Ever wanted to know how to become an explorer, how to turn your adventurous dreams into reality, or earn a truly enviable nick name? Each month Explorers Connect interviews one of its members to find out what you really need to know - and there's not a pith helmet in sight. This month, it's the mad, bad and ever compelling: SAM McCONNELL.
What are you working on right now?
I'm currently finishing up all the reports after this years two big expeditions in the Sinai and Namibia and getting revved up for next years Namibia expedition, starting with interviewing team leaders. This expedition is based on the peripherals of the Namibia Desert with teams trekking out from a base camp.
How did you become an explorer?
Too many Saturday afternoon matinee films on TV as a kid.
Why do you do it?
What scares you the most?
What is your greatest moment so far?
There have been a few, but I think it would have to be getting the team out of the Skeleton Coast on the Angolan border last year. It was a very close run thing and we nearly didn't make it.
What's the most dangerous situation you've ever been in?
Near death experiences or NDEs as they are known. There have been loads over the years, but the latest was last year canoeing through central Manchester the day after the riots, kids were dropping breeze blocks off bridges onto boats!!! Inadvertently flying into an African war zone on the Angolan boarder in a light aircraft.
What makes you smile?
A good joke and overweight vegetarians.
What are the biggest obstacles to expedition success?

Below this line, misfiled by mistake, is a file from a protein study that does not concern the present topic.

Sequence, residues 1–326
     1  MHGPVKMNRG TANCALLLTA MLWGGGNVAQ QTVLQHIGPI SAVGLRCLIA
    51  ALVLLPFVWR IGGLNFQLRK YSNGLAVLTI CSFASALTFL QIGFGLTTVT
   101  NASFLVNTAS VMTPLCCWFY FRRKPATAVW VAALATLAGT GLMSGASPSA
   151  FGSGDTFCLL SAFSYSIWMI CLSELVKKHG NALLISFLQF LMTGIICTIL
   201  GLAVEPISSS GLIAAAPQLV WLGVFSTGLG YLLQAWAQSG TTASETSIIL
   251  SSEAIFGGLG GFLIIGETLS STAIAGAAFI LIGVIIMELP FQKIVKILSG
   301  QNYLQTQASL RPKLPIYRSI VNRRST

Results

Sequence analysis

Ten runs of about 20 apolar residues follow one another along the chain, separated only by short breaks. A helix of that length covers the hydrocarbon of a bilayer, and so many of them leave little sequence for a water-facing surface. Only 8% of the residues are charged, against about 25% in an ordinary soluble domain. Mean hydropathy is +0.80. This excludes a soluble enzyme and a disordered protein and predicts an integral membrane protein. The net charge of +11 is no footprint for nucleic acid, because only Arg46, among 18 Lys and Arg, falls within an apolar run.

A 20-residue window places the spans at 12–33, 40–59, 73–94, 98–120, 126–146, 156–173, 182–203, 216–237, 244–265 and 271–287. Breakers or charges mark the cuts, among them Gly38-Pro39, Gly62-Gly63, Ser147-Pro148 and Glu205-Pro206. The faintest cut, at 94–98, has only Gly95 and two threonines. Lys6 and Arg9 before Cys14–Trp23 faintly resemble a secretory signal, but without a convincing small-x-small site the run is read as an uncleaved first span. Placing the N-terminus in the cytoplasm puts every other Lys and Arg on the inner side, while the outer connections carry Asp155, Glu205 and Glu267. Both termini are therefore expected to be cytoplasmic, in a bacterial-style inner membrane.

Mediocrity - Last year after a talk at the Nat Geo store I was asked by one of the audience, what do you want to do that for? I leant forward over the table, looked the guy straight in the eye and replied, because I'm not you! That was the closest I've come to a punch up in a while.
What's the worst injury you've ever had?
A fractured skull which has left me pretty much deaf in my left ear.
What's the greatest thing about succeeding?
Proving people wrong.
What's the meaning of your life?
I'll tell you that when I've worked it out.
How can I do what you do?
Unfailing determination, tenacity and hard work.
What's your nickname?
It used to be Dr Bongo when I lived in Namibia. Being a bit of a taskmaster these days if I do have one I'm not sure if I want to know it.
How do you balance the adventurous life with your home life?
I'm divorced, so I would say badly. Luckily I now have an understanding partner.
What's the one thing you do better than anyone else you know?
Walk in sand in plus 40 degrees of heat with a huge pack on and not drink much water.
What one thing couldn't you live without on expedition?
It used to be cigarettes, but I gave up smoking this year as I thought I should set a good example to the young people on this years Sinai expedition for disadvantaged youngsters.
How can fledgling explorers fund what they do?
Get some kind of a trade outside of the outward bound industry which pays poorly. Tree surgery is a popular one as it involves rope-work, the outdoors and climbing, it pays well and you can pick up work easily.
What is the best advice you've been given in your career?
Be very wary of advice, it normally means someone is trying to sell you something.
Is there anything left to explore?
Always, areas that were explored need to be re-explored to see how they have been affected over time and by climate change.
Why does the modern world need explorers?
Do explorers need the modern world?
If you could only do one more expedition what would it be and why?
To walk off into and disappear in the wilderness like a Bushman at the end of a long life.
What's your life time ambition?
To finish the book I've been writing for years.
How can readers learn more about you?
www.sam-mcconnell-expeditions.com Sam McConnell was interviewed and edited by Frank Coles, a writer and broadcaster with a taste for adventure. You can find out more about him on Explorers Connect or at www.frankcoles.com. "